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Except for newborns gastritis with hemorrhage discount 20mg protonix, the ratio of chest compressions to gastritis diet of hope generic 40 mg protonix otc ventilathe director of a center or a large family child care home tions in the 2010 guidelines is 30:2 gastritis in english generic 20mg protonix with mastercard. Use of cardiopulmonary z) Organizing and implementing a plan to gastritis symptoms duration order protonix 40mg fast delivery meet an resuscitation by North Carolina day care providers. To ensure the health and safety of children in a child care setting, someone who is Aid Training qualifed to respond to common injuries and life-threatFirst aid training should present an overview of Emergency ening emergencies must be in attendance at all times. First aid instruction should to ensure the safety of children, can reduce the potential for include, but not be limited to, recognition and frst response death and disability. Such caregivers/teachers must have pedic) Bleeding, including nosebleeds; atric frst aid competence. Parental notifcation and comand inhaled; munication with emergency medical services must be careg) Puncture wounds, including splinters; fully planned. During drowning, of training should be evident by the change in performance cold exposure provides the possibility of protection of the as measured by accreditation standards or other quality asbrain from irreversible damage associated with respiratory surance systems. The difference between a life and death situation teaching tasks, caregivers/teachers must attain multifaceted is the submersion time. Planning and evaluation of training Studies have shown that prompt rescue and the presence of should be based on performance of the staff member(s) a trained resuscitator at the site can save about 30% of the involved. Too often, staff members make training choices victims without signifcant neurological consequences (1). Therefore, caregiver/ and Water Play teacher change in behavior or the continuation of appropriStandard 2. Staff members who are better trained are better able to prevent, recognize, and correct health and safety problems. The number of training hours recommended in this standard refects the central focus of caregivers/teachers on child development, health, and safety. Children may come to child care with identifed special health care needs or special needs may be identifed while attending child care, so staff should be trained in recognizChapter 1: Staffng 26 Caring for Our Children: National Health and Safety Performance Standards ing health problems as well as in implementing care plans in child care settings and to comfort an injured child and for previously identifed needs. Successful sional development based on the needs of the program and completion of training can be measured by a performance the pre-service qualifcations of staff (1). Training should test at the end of training and by ongoing evaluation of address the following areas: performance on the job. Decisions about management of infant and early childhood nutrition, school-age child nutriill children are facilitated by skill in assessing the extent to tion, prescribed nutrition therapies, food service and food which the behavior suggesting illness requires special mansafety issues in the child care setting. All caregivers/teachers should early childhood and child care, facilities might negotiate for be trained to prevent, assess, and treat injuries common 27 Chapter 1: Staffng Caring for Our Children: National Health and Safety Performance Standards this individual to serve or identify someone to serve as a Projects and Outreach: Early Childhood Research and consultant and trainer for the facility. Some resources education of staff and fourteen indicators of quality from a to contact include: study conducted in four Midwestern states. Standards for early childhood professional o) Local community colleges and trade schools. Health services in child care day care (frequently bilingual) or audiovisual materials prepared or centers: A survey. Department of Health and Human Caregivers/teachers should have a basic knowledge of Services, Offce of the Assistant Secretary for Planning and special health care needs, supplemented by specialized Evaluation. Managing infectious of special health care needs of the children in care should diseases in child care and schools: A quick reference guide. Teachers Financial support and accessibility to training programs Small family child care home caregivers/teachers should requires attention to facilitate compliance with this standard. These training opportunities can also be conage mix of children, and continuity of caregiver/teacher, ducted on site at the child care facility. Completion of trainthe training/education of caregivers/teachers is a specifc ing should be documented by a college transcript or a trainindicator of child care quality (1). Most skilled roles require ing certifcate that includes title/content of training, contact training related to the functions and responsibilities the hours, name and credentials of trainer or course instructor role requires. Whenever possible the submission of training are more likely to decrease morbidity and mortality documentation that shows how the learner implemented in their setting (3) and are better able to prevent, recognize, the concepts taught in the training in the child care program and correct health and safety problems. Although on-site training can be Children may come to child care with identifed special costly, it may be a more effective approach than participahealth care needs or may develop them while attending tion in training at a remote location. Because of the nature of their caregiving/teaching tasks, caregivers/teachers must attain multifaceted knowledge and Small family child care home caregivers/teachers should skills. Child health and employee health are integral to any maintain current contact lists of community pediatric primaeducation/training curriculum and program management ry care providers, specialists for health issues of individual plan. Planning and evaluation of training should be based on children in their care and child care health consultants who performance of the caregiver/teacher. These training choices based on what they like to learn about training alternatives provide more fexibility for caregivers/ (their “wants”) and not the areas in which their performance teachers who are remote from central training locations or should be improved (their “needs”). Nevertheless, gathering family child care work alone and are solely responsible for the health and home caregivers/teachers for training when possible prosafety of small numbers of children in care. Peer review is vides a break from the isolation of their work and promotes part of the process for accreditation of family child care and networking and support. Satellite training via down links at can be valuable in assisting the caregiver/teacher in the local extension service sites, high schools, and community identifcation of areas of need for training. Self-evaluation colleges scheduled at convenient evening or weekend times may not identify training needs or focus on areas in which is another way to mix quality training with local availability the caregiver/teacher is particularly interested and may be and some networking. Department of Health and Human k) Organizing the home for child care; Services, Offce of the Assistant Secretary for Planning and l) Preventing unintentional injuries in the home (falls, Evaluation. The director of a and parents/guardians; center or a large family child care home or the designated r) Socio-emotional and mental health (positive apsupervisor for food service should be a certifed food proproaches with consistent and nurturing relationships); tection manager or equivalent as demonstrated by complets) Evacuation and shelter-in-place drill procedures; ing an accredited food protection manager course. Small t) Occupational health hazards; family child care personnel should secure training in food u) Infant-safe sleep environments and practices; service and safety appropriate for their setting. Some of maltreatment can increase the likelihood of appropriate these outbreaks have led to fatalities and severe disabilities. Child and referral agencies, licensing agencies, and state departabuse and children with disabilities: A New York State perspective. The dangers of shaking requirements; infants and toddlers and repeated exposure to domestic d) Program policies and procedures regarding exposure violence should be included in the education and prevento blood/body fuid; tion materials. Caregivers/teachers should also receive e) Reporting procedures under the exposure control education on promoting protective factors to prevent child plan to ensure that all frst-aid incidents involving maltreatment. Caregivers/teachers should be able to identify exposure are reported to the employer before the end signs of stress in families and assist families by providing of the work shift during which the incident occurs (1). Split lips, scraped knees, and other minor injuries associated with bleeding are common in child care. Caregivers/teachers should be trained in compliCaregivers/teachers who are designated as responsible for ance with their state’s child abuse reporting laws. Child rendering frst aid or medical assistance as part of their job abuse reporting requirements are known and available from duties are covered by the scope of this standard. Department of Labor, Occupational Safety and Health work-related duties, such as caring for children or answerAdministration. For guage, and ethnic backgrounds of children enrolled in the small family child care home caregivers/teachers, released program. In addition, all staff members should participate in time and compensation while engaged in training can be diversity training that will ensure respectful service delivery arranged only if the small family child care home caregiver/ to all families and a staff that works well together (2). Center for the Child Care Workforce, American Federation of diverse early childhood workforce. Wage data: Early childhood workforce hourly for quality: the critical importance of developing and supporting wage data. Directors of centers and large family child care homes should arrange for continuing education that is paid for by the government, by charitable organizations, or by the 1. A majorrequired professional development (that includes training ity of child care workers earnings are at or near minimum as well as education) during work hours, or reimburse staff wage (1). This training should out licenses/certifcates should work under direct superviinclude the opportunity for an evaluation and a repeat demsion and should not be alone with a group of children. In all child care settings the A substitute should complete the same background screenorientation should be documented. Decisions should be made on whether a parent/ oriented on the following topics: guardian will be allowed to provide needed on-site media) Safe infant sleep practices if an infant is enrolled in cal services. Substitutes should be aware of the care plans the program; (including emergency procedures) for children with special b) Any emergency medical procedure/medication needs health care needs. Planning for a competent substitute pool is a) the names of the children for whom the caregiver/ essential for child care operation. Since closing a child care home has a d) Acceptable methods of discipline; negative impact on the families and children they serve, syse) Meal patterns and safe food handling policies of the tems should be developed to provide qualifed alternative facility (special attention should be given to lifehomes or substitutes for family child care home caregivers/ threatening food allergies); teachers.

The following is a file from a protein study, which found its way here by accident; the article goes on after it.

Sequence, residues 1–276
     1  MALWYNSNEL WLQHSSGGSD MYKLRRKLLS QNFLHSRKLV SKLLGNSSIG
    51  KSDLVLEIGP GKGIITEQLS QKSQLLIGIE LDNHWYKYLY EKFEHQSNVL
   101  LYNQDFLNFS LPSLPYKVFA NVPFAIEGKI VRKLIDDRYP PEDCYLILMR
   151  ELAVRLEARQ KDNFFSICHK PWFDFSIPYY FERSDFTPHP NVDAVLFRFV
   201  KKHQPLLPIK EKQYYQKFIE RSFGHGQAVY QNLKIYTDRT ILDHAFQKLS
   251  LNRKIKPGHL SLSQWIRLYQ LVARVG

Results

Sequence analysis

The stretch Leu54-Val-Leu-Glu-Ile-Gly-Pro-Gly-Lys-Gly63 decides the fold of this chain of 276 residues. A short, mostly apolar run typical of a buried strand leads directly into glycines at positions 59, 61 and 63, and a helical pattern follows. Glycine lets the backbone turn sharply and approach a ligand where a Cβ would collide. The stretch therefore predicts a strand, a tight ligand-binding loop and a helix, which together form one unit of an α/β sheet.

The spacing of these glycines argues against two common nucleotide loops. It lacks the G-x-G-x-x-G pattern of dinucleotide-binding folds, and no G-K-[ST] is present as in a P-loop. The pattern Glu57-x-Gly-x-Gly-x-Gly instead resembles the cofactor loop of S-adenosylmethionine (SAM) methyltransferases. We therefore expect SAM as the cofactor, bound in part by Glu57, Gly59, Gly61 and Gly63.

Individuals with bulimia nervosa exhibit recurrent episodes of binge eating congestive gastritis definition order 20mg protonix with mastercard, engage in inappropriate behavior to gastritis zucchini purchase genuine protonix on line avoid weight gain gastritis symptoms and treatment mayo clinic purchase protonix 40mg with amex. However gastritis diet recipes protonix 40 mg lowest price, unlike individuals with anorexia nervosa, binge-eating/purging type, individuals with bulimia nervosa main­ tain body weight at or above a minimally normal level. Individuals with this disorder may exhibit significant weight loss or significant nutritional deficiency, but they do not have a fear of gaining weight or of becoming fat, nor do they have a disturbance in the way they expe­ rience their body shape and weight. Comorbidity Bipolar, depressive, and anxiety disorders commonly co-occur with anorexia nervosa. Many individuals with anorexia nervosa report the presence of either an anxiety disorder or symptoms prior to onset of their eating disorder. Alcohol use disorder and other substance use disorders may also be comorbid with anorexia nervosa, especially among those with the binge-eating/purging type. Recurrent inappropriate compensatory behaviors in order to prevent weight gain, such as self-induced vomiting; misuse of laxatives, diuretics, or other medications; fasting; or excessive exercise. The binge eating and inappropriate compensatory behaviors both occur, on average, at least once a week for 3 months. Specify if: In partial remission: After full criteria for bulimia nervosa were previously met, some, but not all, of the criteria have been met for a sustained period of time. In full remission: After full criteria for bulimia nervosa were previously met, none of the criteria have been met for a sustained period of time. Specify current severity: the minimum level of severity is based on the frequency of inappropriate compensatory behaviors (see below). Severe: An average of 8-13 episodes of inappropriate compensatory behaviors per week. Extreme: An average of 14 or more episodes of inappropriate compensatory behav­ iors per week. Diagnostic Features There are three essential features of bulimia nervosa: recurrent episodes of binge eating (Criterion A), recurrent inappropriate compensatory behaviors to prevent weight gain (Criterion B), and self-evaluation that is unduly influenced by body shape and weight (Criterion D). To qualify for the diagnosis, the binge eating and inappropriate compensa­ tory behaviors must occur, on average, at least once per week for 3 months (Criterion C). An "episode of binge eating" is defined as eating, in a discrete period of time, an amount of food that is definitely larger than most individuals would eat in a similar period of time under similar circumstances (Criterion Al). For example, a quantity of food that might be regarded as excessive for a typical meal might be consid­ ered normal during a celebration or holiday meal. A "discrete period of time" refers to a limited period, usually less than 2 hours. For example, an individual may begin a binge in a restaurant and then continue to eat on returning home. Continual snacking on small amounts of food throughout the day would not be considered an eating binge. An occurrence of excessive food consumption must be accompanied by a sense of lack of control (Criterion A2) to be considered an episode of binge eating. Some indi­ viduals describe a dissociative quality during, or following, the binge-eating episodes. The impairment in control associated with binge eating may not be absolute; for example, an individual may continue binge eating while the telephone is ringing but will cease if a roommate or spouse unexpectedly enters the room. If individuals report that they have abandoned efforts to control their eating, loss of control should be considered as present. The type of food consumed during binges varies both across individuals and for a given individual. Binge eating appears to be characterized more by an abnormality in the amount of food consumed than by a craving for a specific nutrient. Individuals with bulimia nervosa are typically ashamed of their eating problems and attempt to conceal their symptoms. The binge eating often continues until the individual is uncomfortably, or even painfully, full. Other triggers include interpersonal stressors; dietary restraint; negative feelings related to body weight, body shape, and food; and boredom. Binge eating may minimize or mit­ igate factors that precipitated the episode in the short-term, but negative self-evaluation and dysphoria often are the delayed consequences. Another essential feature of bulimia nervosa is the recurrent use of inappropriate com­ pensatory behaviors to prevent weight gain, collectively referred to as purge behaviors or purging (Criterion B). Many individuals with bulimia nervosa employ several methods to compensate for binge eating. The immediate effects of vomiting include relief from physical discomfort and re­ duction of fear of gaining weight. In some cases, vomiting becomes a goal in itself, and the individual will binge eat in order to vomit or will vomit after eating a small amount of food. Individuals with bulimia nervosa may use a variety of methods to induce vomiting, includ­ ing the use of fingers or instruments to stimulate the gag reflex. Individuals generally become adept at inducing vomiting and are eventually able to vomit at will. Individuals with bulimia nervosa may misuse enemas following epi­ sodes of binge eating, but this is seldom the sole compensatory method employed. Individ­ uals with this disorder may take thyroid hormone in an attempt to avoid weight gain. Individuals with diabetes mellitus and bulimia nervosa may omit or reduce insulin doses in order to reduce the metabolism of food consumed during eating binges. Individuals with bulimia nervosa may fast for a day or more or exercise excessively in an attempt to prevent weight gain. Exercise may be considered excessive when it significantly interferes with im­ portant activities, when it occurs at inappropriate times or in inappropriate settings, or when the individual continues to exercise despite injury or other medical complications. Individuals with bulimia nervosa place an excessive emphasis on body shape or weight in their self-evaluation, and these factors are typically extremely important in determining self-esteem (Criterion D). Individuals with this disorder may closely resemble those w^ith anorexia nervosa in their fear of gaining weight, in their desire to lose weight, and in the level of dissatisfaction with their bodies. However, a diagnosis of bulimia nervosa should not be given when the disturbance occurs only during episodes of anorexia nervosa (Cri­ terion E). Between eating binges, individuals with bulimia ner­ vosa typically restrict their total caloric consumption and preferentially select low-calorie ("diet") foods while avoiding foods that they perceive to be fattening or likely to trigger a binge. Menstrual irregularity or amenorrhea often occurs among females with bulimia ner­ vosa; it is uncertain whether such disturbances are related to weight fluctuations, to nu­ tritional deficiencies, or to emotional distress. The fluid and electrolyte disturbances resulting from the purging behavior are sometimes sufficiently severe to constitute med­ ically serious problems. Rare but potentially fatal complications include esophageal tears, gastric rupture, and cardiac arrhythmias. Serious cardiac and skeletal myopathies have been reported among individuals following repeated use of syrup of ipecac to induce vom­ iting. Individuals who chronically abuse laxatives may become dependent on their use to stimulate bowel movements. Gastrointestinal symptoms are commonly associated with bulimia nervosa, and rectal prolapse has also been reported among individuals with this disorder. Prevalence Twelve-month prevalence of bulimia nervosa among young females is 1%-1. Point prevalence is highest among young adults since the disorder peaks in older adolescence and young adulthood. Less is known about the point prevalence of bulimia nervosa in males, but bulimia nervosa is far less common in males than it is in females, with an ap­ proximately 10:1 female-to-male ratio. Development and Course Bulimia nervosa commonly begins in adolescence or young adulthood. The binge eating frequently begins during or after an episode of dieting to lose weight. Experiencing multiple stressful life events also can pre­ cipitate onset of bulimia nervosa. Disturbed eating behavior persists for at least several years in a high percentage of clinic samples. The course may be chronic or intermittent, with periods of remission alternating with recurrences of binge eating.